Anthony Braxton, born June 4, 1945 in Chicago, celebrates his 67th birthday today. Braxton is an American music pioneer whose style closely resembles jazz but spans many genres and forms. Braxton’s instruments include saxophones, flute, clarinet, and piano.
Braxton was born and raised on Chicago’s South Side. In 1963, he joined the army and was stationed with the Fifth Army Band in the northern suburbs of Chicago. In 1965, he went to South Korea and played with the Eighth Army Band all the while keeping up with the recordings of free jazz pioneers Albert Ayler and John Coltrane. Braxton returned to Chicago in 1966 and sought out and joined the newly-formed Association for the Advancement of Creative Musicians (AACM). He formed his own ensembles with musicians such as Leroy Jenkins, Thurman Barker, Charles Clark, Kalaparush, and Leo Smith while also playing in groups led by AACM members like Ajaramu, Amina Myers, and Muhal Richard Abrams. Although greatly influenced by John Coltrane, Braxton quickly developed his own voice.
Braxton spent time recording and performing with his own group in Paris in the late 1960s. Throughout much of the early 1970s, Braxton played in New York and the Midwest, touring with Chick Corea’s trio and Musica Elettronica Viva.
In 1994, Braxton was awarded the MacArthur Fellowship for his outstanding and original contributions to jazz. Braxton founded the Tri-Centric Foundation, a New York based not-for-profit corporation that includes an ensemble of musicians, vocalists, and computer-graphic video artists all of whom aid in the performances of Braxton’s compositions. Braxton studied philosophy at Roosevelt University. He is currently a tenured Professor of Music at Wesleyan University in Middletown, Connecticut, teaching music composition, music history, and improvisation.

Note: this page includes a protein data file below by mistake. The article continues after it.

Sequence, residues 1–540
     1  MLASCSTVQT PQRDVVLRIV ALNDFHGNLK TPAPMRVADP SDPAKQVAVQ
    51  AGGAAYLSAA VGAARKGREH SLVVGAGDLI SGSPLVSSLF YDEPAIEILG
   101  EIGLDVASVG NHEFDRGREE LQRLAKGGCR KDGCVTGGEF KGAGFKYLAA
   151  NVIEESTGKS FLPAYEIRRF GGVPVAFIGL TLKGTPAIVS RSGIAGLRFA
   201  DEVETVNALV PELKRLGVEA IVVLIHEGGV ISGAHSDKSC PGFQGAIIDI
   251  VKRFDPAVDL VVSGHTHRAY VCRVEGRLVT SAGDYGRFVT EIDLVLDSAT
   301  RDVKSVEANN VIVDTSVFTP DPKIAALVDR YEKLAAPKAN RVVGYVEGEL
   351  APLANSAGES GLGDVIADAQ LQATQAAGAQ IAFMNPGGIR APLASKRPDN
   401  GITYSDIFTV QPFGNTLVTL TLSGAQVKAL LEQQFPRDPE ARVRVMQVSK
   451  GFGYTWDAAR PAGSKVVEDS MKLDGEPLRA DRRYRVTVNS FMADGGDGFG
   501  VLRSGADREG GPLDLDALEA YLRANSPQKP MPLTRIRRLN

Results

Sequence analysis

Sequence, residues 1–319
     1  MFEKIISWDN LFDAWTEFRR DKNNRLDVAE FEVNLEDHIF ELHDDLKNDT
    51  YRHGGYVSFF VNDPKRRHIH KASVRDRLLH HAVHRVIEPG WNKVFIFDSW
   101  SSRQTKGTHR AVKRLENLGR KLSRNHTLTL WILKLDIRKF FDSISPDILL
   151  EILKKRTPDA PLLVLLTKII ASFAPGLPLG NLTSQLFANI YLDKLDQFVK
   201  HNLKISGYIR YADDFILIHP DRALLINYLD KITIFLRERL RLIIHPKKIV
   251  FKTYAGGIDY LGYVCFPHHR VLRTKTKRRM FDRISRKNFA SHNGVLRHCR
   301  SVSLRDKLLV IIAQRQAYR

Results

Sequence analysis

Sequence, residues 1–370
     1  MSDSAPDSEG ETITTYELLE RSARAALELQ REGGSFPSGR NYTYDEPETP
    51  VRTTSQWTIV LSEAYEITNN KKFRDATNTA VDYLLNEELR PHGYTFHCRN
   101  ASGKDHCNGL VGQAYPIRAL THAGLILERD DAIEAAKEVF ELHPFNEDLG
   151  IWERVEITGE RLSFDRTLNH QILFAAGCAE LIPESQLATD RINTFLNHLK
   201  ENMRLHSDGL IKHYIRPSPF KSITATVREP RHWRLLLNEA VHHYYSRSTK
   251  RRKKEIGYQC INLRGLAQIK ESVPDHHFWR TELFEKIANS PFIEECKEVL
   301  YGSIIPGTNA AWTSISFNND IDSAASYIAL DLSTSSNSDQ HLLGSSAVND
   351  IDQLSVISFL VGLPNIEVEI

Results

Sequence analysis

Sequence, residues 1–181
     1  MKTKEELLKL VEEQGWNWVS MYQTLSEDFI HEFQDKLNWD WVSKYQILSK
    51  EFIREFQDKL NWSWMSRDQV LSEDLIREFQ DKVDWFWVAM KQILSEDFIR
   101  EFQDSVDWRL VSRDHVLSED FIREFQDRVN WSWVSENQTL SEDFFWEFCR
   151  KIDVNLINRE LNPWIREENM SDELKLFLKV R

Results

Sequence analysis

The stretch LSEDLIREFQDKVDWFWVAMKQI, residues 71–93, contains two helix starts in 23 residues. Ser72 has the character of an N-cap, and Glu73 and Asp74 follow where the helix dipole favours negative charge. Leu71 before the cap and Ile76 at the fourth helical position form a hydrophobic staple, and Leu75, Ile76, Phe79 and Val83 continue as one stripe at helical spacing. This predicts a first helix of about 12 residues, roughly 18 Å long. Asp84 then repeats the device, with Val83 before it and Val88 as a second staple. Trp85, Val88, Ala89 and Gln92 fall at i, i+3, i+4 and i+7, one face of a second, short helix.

Despite the many improvisational aspects to Braxton’s compositions it is difficult to categorize his music solely as jazz . In March 2007, in an article that appeared in Time Out-New York, Braxton is quoted as saying: “I know I’m an African-American, and I know I play the saxophone, but I’m not a jazz musician. I’m not a classical musician, either. My music is like my life: It’s in between these areas.”
The Special Collections Research Center is home to the Chicago Jazz Archive, which contains a small collection of materials related to Anthony Braxton as well as many collections that document jazz in Chicago and the work of Anthony Braxton.